Tired all the Time (and more)

1. Tired all the Time
Many of us feel bone-achingly tired occasionally, but usually a good night’s rest is all that’s needed to get back to normal.

But what if you feel tired all the time, however much sleep you’ve had and however relaxing your day? Doctors have now identified TATT as a genuine symptom of certain underlying health problems. Nobody should feel tired all the time and if they do, that means there is something wrong.

The first thing is to try and identify what is causing the extreme tiredness, together with your doctor.

The extreme tiredness could be caused by medication such as beta-blockers or anti-histamines, or a chronic lack of iron. Or it could indicate a quite serious health problem such as a thyroid problem, diabetes or post-viral fatigue syndrome. If the tiredness comes from taking prescription medicines, it may be possible to reduce or change your medication.

If you or your doctor suspects a thyroid problem – and this is a particular risk for women over 50 – you can have a thyroid function test, and hormones prescribed to get the body functioning normally again.

Again, if diabetes is suspected, you can have a diabetes test and if confirmed, take immediate action. Symptoms of diabetes can include overweight, constant raging thirst and increased need to pass urine.

Treatments can include a strict diet and exercise regime for weight loss, tablets to reduce blood glucose levels and, as a last resort, insulin injections.

Post-viral fatigue is now a recognised condition and although there is no cure, the trick is to take things very gradually until the after-effects of the virus work themselves out of the system.

Whatever the cause, don’t put up with TATT.

2. Sleep improves memory and learning
A new American study has found that a good night’s sleep improves memory function, and also aids positive thinking.

The study, published in the American journal Neuroscience, discovered that sleeping helps memories to ‘stick’ in the brain, and increases learning ability.

It also appears that parts of the brain which control speed and accuracy are most active when people get a good night’s sleep. At the same time, negative emotions such as stress and anxiety are damped down during sleep.

The results of the study, which investigated the role of sleep in a process called memory consolidation, found that memories and new information take time to establish themselves in the brain.

Margaret Thatcher was famously a ‘short sleeper’, supposedly getting by on three to five hours’ sleep a night. But recent research coming from sleep laboratories suggests that is NOT a practice to emulate.

3. Eye exercises for better vision
About 80 years ago, the Bates Method for better sight without glasses, was developed. Now there is a new version of these famous eye exercises available for the technology age.

A DVD, accompanied by eye charts, takes you through a series of daily eye exercises designed to improve or reverse the kind of vision loss experienced in middle age.

From about the age of 45, most people with previously perfect sight become unable to read small print, maps such as A-Zs and instructions on food packaging. For most of us, the answer is reading glasses, but these do not, of course, improve actual vision.

The need for reading glasses to decipher small print also means you are in a (literal) blind panic when you have lost or mislaid your specs. So exercises which give you back your vision cannot be too highly recommended.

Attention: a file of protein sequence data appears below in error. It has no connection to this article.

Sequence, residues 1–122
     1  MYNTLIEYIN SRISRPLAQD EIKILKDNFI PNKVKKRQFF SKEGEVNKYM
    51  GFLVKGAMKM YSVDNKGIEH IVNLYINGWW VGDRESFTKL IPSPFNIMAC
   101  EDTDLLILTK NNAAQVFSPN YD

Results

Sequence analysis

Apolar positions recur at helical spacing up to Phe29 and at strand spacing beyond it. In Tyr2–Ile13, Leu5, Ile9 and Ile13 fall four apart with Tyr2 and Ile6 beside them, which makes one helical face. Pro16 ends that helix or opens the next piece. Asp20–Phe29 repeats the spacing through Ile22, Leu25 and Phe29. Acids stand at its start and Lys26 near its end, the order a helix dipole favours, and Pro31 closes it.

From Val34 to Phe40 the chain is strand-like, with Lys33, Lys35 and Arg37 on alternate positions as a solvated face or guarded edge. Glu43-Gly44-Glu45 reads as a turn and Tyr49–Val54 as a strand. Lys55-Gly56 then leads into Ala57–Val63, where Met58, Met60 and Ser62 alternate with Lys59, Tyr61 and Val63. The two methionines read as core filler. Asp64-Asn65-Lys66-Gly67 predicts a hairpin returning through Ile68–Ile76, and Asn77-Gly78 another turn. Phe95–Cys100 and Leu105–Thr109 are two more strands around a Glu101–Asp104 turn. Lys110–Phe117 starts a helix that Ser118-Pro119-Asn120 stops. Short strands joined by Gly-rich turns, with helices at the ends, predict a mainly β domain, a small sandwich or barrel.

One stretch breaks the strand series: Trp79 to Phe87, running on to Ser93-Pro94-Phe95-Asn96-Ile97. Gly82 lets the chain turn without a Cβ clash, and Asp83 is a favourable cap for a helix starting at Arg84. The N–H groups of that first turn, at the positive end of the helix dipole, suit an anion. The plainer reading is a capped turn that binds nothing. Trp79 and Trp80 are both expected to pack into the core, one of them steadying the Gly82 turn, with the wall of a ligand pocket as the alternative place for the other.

The exercises take around six minutes daily, and must be practised without glasses. For the method to work, you need to have two fully-functioning eyes, and previously perfect vision.

The method is not suitable for those with eye problems such as short sight, a lazy eye or a squint. Neither can it help medical problems such as cataracts or macular degeneration.

The Read Without Glasses method costs £19.99 for the DVD and charts, and is available from many high street stores and supermarkets, such as Tesco, Woolworths, Smiths and Sainsbury’s. Also available online from www.withoutglasses.co.uk or by calling 01480 450 006.

4. Gum Disease and Smoking
By the age of 65, around 20 per cent of the non-smoking population no longer have any teeth of their own. But almost half of all smokers – 41 per cent – have lost all their teeth by this age.

The reason? Smoking exacerbates gum disease which results in damaged tissue and wobbly teeth which then fall out. Smoking encourages gum disease to develop as it interferes with natural healing mechanisms in the mouth.

The symptoms of gum disease are perpetually sore gums and an unpleasant taste in the mouth. Gengigel is specially formulated to combat gum disease and its active ingredient, hyaluranon, speeds up the healing of inflamed and damaged tissue in the mouth.

Gengigel is available either as a tube of gel or a mouth rinse. The gel costs £6.47 and the rinse, £7.99. Or, you can get it slightly cheaper online at http://www.oraldent.co.uk.

5. Natural Migraine Remedy
Migraine sufferers are all too painfully aware how debilitating attacks can be. And although strong painkillers will relieve the agony, they can also have very unpleasant side effects if used regularly, such as causing permanent liver damage or stomach bleeding.

There is a new natural remedy available for migraine which contains a host of herbal ingredients known to relieve migraine-type pain. The New Chapter Headache Relief is a potent blend of californian poppy, feverfew, rosemary, lavender, wintergreen and purple willow.

Tests with sufferers have already shown this remedy to be as effective as strong analgesics, but without the unwanted side-effects. It is not cheap, though, with prices starting at £14.99.

Available from most health stores, it can also be obtained online at www.wisofnature.com

Unite Health Column - August 2005